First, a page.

Telemetry and other Hi-tech tracking devices are redefining how we discover, interpret and manage ocean life.
A news paper, published in Science, niceties the outburst in aquatic animal tracking research over the past 30 years and its impact on discoveries about the movements, migrations, interactions and survival of both common and mysterious aquatic species.
Electronic devices can now weigh less than a penny, can transmit for more than 10 years, and can be attached to almost any species, at any life stage, to gather high-resolution data in four dimensions (2D-horizontal, depth and time).
Telemetry data have revealed the often-mysterious migrations of endangered marine animals like leatherback turtles, basking sharks, European eels and Pacific blue fin tuna. These discoveries, and the progressively more sophisticated technology behind them, produce critical knowledge towards maintenance recommendations. Tracking studies also identify successes and restrictions of current management plans. For example, acoustically tagged reef fish were shown to regularly move outside their Marine Protected Area, putting them at risk.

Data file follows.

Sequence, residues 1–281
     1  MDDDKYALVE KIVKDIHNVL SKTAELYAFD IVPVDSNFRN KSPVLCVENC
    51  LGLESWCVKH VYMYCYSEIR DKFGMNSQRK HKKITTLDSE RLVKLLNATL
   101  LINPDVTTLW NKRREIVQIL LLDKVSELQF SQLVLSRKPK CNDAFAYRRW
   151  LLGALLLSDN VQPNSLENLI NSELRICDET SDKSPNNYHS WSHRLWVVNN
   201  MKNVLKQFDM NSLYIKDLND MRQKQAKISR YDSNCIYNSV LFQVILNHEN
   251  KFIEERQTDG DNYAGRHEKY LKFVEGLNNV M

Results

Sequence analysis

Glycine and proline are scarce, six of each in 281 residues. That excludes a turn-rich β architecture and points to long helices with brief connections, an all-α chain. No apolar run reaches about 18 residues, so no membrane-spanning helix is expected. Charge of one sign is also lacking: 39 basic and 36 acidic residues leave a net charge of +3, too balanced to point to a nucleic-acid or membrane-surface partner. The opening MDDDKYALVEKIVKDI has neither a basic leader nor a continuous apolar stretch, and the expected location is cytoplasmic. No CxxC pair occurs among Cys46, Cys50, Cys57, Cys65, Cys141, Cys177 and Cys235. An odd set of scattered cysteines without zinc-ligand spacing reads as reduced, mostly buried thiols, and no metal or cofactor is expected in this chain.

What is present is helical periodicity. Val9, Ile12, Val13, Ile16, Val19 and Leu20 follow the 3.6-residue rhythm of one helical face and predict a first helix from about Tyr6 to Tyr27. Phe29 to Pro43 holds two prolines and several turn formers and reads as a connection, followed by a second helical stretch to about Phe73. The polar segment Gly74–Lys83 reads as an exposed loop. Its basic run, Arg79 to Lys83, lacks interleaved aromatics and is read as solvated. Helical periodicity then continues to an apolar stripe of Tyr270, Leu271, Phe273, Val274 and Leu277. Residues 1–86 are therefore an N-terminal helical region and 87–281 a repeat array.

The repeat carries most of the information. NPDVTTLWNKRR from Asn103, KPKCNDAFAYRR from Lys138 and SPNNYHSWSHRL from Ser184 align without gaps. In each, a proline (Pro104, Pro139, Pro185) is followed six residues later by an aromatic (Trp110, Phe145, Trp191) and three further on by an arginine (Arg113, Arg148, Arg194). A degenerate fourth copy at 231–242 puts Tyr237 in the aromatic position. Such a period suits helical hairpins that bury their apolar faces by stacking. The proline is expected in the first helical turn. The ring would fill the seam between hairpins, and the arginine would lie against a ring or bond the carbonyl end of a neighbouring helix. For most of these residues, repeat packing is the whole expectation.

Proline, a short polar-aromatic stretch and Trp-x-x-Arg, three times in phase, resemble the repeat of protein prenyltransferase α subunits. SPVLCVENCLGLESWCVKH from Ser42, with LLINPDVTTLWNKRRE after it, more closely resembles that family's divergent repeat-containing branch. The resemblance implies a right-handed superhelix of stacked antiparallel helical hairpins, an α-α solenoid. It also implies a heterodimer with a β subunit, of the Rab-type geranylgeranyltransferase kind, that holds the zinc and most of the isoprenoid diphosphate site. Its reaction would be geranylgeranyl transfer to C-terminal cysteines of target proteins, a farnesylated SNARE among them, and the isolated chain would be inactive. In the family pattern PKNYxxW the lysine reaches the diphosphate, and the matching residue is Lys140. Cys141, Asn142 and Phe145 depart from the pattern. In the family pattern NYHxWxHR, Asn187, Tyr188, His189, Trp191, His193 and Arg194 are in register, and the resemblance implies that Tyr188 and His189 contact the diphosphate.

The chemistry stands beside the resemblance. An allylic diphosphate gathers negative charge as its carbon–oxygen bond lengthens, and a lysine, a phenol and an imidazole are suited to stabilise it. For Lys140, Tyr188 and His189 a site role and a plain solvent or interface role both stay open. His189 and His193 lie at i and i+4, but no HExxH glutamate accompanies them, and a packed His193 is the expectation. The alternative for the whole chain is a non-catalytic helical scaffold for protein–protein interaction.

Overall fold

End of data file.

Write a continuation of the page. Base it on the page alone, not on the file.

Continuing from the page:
Marine animal movements and migrations exceed geopolitical, economic, and management boundaries. Telemetry studies in the last decade have recognized movement over transoceanic scales, to regions inaccessible by humans, and into some of the harshest and deep parts of the ocean, giving the groundwork for “next-generation aquatic governance frameworks.
“The ocean will continue to change, Global collaborations among industry and science sectors, and researchers themselves are imperative to get ahead of these changes before they catch up to us.”, says Hussey